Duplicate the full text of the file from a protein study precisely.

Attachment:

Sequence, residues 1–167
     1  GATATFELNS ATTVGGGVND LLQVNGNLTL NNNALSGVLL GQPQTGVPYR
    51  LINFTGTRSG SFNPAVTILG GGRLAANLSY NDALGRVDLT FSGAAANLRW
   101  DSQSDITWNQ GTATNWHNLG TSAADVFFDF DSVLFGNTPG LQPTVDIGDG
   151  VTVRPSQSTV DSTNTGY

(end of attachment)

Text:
Sequence, residues 1–167
     1  GATATFELNS ATTVGGGVND LLQVNGNLTL NNNALSGVLL GQPQTGVPYR
    51  LINFTGTRSG SFNPAVTILG GGRLAANLSY NDALGRVDLT FSGAAANLRW
   101  DSQSDITWNQ GTATNWHNLG TSAADVFFDF DSVLFGNTPG LQPTVDIGDG
   151  VTVRPSQSTV DSTNTGY